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Still with Me: A Daughter's Journey of Love and Loss Hardcover – April 8, 2003
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From Publishers Weekly
With an increasing number of terminally ill patients choosing to die at home, journalist Collier's account of taking care of her mother, suffering from stage four ovarian cancer, couldn't be more timely, even though the events took place a decade ago. An only child, Collier offers an unblinking account of how her life and that of her mother, Earline, became progressively more entwined from the moment of Earline's call ("The doctors here say they think I have some kind of cancer") until her death a year later. Collier depicts her mother's bravery, pinning on costume jewelry butterflies before each chemotherapy session to better visualize healing, and playing slots at Circus Circus in Las Vegas: "[Earline] looked as if she knew time couldn't run out on her." One of the book's strengths is Collier's willingness to recreate those difficult days honestly. She describes spanking her six-year-old daughter for running away (to the backyard) and how she rediscovered Barbie dolls, which she turned to for consolation. Collier is also forthright about her treatment of her stepfather, whom she bullied into burying her mother's ashes (something she herself couldn't face). Still, Collier's desire to help others in similar circumstances extends only to the psychological; there's little practical information on assisting someone living with cancer or dealing with the health-care system, and Collier's economic circumstances limit the reach of her story (many readers wouldn't have a spare bedroom for their mothers or the money to rent an apartment for their mothers to move nearby).
Copyright 2003 Reed Business Information, Inc.
Ten years after the death of her mother from ovarian cancer, Collier chronicles the one-year journey from her mother's diagnosis through treatment, hospice care, and death, and her own aftermath of depression. Collier eventually moved her mother to Lansing, Michigan, where she lived with her husband and two young children. Her mother, Earline Terry, shuttled between her own apartment and her husband, John, to her daughter's home, depending on the level of care she needed. Collier immersed herself in research, desperate to learn everything she could to help her mother, avoid arguments with a marginalized stepfather, maintain some semblance of family life, and promote more open discussion of cancer among African Americans. Her mother more often dodged the unpleasantness, adamantly keeping friends and family uninformed. A joyous trip to Las Vegas before Earline's health deteriorates eases the tension between mother and daughter as they slowly accept reality--Earline will not live long enough to participate in the clinical studies her daughter so desperately sought. A touching memoir of how a mother and daughter coped with terminal illness. Vanessa Bush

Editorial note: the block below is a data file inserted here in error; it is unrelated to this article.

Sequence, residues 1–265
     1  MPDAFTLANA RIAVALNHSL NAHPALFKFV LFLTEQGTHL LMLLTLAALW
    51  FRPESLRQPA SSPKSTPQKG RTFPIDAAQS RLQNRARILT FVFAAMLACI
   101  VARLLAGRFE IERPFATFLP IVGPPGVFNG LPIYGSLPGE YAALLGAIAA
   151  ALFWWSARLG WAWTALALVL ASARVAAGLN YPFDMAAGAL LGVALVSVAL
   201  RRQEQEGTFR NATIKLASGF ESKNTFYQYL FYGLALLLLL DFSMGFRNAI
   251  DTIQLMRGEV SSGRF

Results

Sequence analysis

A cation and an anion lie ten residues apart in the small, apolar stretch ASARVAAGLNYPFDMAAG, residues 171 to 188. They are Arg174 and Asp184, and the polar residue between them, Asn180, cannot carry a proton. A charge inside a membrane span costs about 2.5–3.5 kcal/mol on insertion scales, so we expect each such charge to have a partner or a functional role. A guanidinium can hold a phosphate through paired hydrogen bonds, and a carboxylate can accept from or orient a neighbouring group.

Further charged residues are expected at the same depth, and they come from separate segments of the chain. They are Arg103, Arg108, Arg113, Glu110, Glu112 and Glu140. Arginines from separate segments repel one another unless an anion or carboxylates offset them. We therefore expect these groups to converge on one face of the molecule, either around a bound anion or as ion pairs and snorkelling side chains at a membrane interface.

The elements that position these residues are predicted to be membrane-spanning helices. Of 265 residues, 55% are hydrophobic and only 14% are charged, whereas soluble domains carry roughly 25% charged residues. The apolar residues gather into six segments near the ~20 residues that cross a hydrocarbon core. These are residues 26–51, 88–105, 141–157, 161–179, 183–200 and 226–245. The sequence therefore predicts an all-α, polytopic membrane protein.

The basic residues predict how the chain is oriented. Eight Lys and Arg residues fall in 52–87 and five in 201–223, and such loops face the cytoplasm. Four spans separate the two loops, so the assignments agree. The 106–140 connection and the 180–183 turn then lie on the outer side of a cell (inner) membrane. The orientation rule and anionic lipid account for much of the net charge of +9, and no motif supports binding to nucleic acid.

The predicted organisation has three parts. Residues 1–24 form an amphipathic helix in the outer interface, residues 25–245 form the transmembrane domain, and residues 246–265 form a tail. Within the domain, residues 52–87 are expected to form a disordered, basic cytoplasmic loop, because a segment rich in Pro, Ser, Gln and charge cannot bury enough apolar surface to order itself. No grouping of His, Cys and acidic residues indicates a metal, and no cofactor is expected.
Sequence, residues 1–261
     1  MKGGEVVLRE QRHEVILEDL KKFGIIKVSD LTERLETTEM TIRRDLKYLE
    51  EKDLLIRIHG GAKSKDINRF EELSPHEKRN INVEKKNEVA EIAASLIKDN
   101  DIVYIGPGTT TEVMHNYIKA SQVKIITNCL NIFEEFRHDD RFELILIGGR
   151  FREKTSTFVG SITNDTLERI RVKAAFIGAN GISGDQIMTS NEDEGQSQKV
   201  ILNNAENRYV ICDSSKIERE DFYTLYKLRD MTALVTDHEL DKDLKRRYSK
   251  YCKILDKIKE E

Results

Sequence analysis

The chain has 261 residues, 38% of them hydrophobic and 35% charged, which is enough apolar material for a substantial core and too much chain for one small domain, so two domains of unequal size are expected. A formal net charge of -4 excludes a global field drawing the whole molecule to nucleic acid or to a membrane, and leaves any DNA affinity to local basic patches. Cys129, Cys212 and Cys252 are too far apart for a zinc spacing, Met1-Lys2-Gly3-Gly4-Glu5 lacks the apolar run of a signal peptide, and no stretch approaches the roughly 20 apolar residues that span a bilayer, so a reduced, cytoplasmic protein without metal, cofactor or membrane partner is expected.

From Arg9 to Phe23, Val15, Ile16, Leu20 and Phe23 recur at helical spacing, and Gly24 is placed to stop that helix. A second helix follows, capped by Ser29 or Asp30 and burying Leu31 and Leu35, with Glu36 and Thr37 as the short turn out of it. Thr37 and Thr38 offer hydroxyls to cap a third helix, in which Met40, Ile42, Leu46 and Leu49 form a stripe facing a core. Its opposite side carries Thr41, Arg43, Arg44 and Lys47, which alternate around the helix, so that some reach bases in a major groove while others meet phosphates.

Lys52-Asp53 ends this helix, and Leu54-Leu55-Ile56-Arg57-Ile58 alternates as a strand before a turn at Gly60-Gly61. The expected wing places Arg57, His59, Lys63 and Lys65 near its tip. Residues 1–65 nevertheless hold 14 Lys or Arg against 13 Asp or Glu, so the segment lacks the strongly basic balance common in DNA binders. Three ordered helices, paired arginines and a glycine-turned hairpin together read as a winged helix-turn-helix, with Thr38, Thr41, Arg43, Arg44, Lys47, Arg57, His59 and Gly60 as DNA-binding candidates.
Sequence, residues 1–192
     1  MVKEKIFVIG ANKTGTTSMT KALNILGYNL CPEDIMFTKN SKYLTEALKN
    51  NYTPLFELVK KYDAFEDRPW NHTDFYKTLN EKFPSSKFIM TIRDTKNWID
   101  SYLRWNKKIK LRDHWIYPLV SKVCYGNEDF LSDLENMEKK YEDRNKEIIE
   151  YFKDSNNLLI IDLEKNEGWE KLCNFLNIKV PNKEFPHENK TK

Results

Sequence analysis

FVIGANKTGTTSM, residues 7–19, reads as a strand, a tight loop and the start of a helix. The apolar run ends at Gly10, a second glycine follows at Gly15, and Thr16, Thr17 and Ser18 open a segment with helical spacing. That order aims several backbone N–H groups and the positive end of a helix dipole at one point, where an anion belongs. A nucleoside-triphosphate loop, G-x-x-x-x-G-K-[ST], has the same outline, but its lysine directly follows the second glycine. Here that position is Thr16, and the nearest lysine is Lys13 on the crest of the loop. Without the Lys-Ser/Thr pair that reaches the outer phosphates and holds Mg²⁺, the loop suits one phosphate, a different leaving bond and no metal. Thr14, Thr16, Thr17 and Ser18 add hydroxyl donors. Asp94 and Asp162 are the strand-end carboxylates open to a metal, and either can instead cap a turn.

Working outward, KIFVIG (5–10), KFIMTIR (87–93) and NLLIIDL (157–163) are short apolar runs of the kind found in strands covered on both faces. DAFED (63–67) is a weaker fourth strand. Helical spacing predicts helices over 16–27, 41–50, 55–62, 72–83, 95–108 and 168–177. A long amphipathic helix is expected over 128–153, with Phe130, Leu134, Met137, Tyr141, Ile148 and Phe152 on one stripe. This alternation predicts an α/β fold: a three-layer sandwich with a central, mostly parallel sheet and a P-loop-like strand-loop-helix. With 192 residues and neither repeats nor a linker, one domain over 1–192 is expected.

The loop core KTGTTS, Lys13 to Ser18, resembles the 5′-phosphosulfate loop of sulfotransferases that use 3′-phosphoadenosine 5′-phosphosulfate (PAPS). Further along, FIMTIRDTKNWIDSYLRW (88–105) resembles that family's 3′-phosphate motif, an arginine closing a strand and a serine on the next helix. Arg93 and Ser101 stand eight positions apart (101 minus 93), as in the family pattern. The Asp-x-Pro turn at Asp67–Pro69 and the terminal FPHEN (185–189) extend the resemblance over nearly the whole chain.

Copyright © American Library Association. All rights reserved
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I am one of those daughter's who has taken on the care of an elderly parent. My mother is still living and I have been her "assisted care" for several years. In the years since my mother suffered a debillitating stroke I have struggled with the varying feelings of helplessness, inadequacy, andger, resentment - all of those and more.
This book is a gift to all of the daughters, all of the caregivers. It gave me permission to cry, to let it all out.
Beyond a clearly superior ability to write - the author posesses an indefinable quality that allows her to dip into universal truths and make them personal and immediate. "Unflinching" as one review characterizes it, does not even come close.